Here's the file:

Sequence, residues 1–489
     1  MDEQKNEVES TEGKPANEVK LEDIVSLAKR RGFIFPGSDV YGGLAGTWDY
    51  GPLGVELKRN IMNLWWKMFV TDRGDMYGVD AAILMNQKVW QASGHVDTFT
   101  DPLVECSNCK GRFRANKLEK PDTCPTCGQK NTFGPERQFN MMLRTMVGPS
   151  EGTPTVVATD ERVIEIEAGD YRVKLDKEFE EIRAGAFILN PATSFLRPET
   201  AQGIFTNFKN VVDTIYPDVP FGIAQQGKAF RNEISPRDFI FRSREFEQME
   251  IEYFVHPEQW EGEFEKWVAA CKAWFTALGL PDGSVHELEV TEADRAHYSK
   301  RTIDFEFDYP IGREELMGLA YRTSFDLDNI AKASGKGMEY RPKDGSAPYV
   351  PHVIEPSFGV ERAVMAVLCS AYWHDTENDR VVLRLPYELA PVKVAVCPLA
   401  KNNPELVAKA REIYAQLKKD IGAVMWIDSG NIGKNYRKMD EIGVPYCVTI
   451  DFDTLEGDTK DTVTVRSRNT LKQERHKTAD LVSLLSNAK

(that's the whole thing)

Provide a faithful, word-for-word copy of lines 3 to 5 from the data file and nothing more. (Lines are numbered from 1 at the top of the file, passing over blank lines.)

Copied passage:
    51  GPLGVELKRN IMNLWWKMFV TDRGDMYGVD AAILMNQKVW QASGHVDTFT
   101  DPLVECSNCK GRFRANKLEK PDTCPTCGQK NTFGPERQFN MMLRTMVGPS
   151  EGTPTVVATD ERVIEIEAGD YRVKLDKEFE EIRAGAFILN PATSFLRPET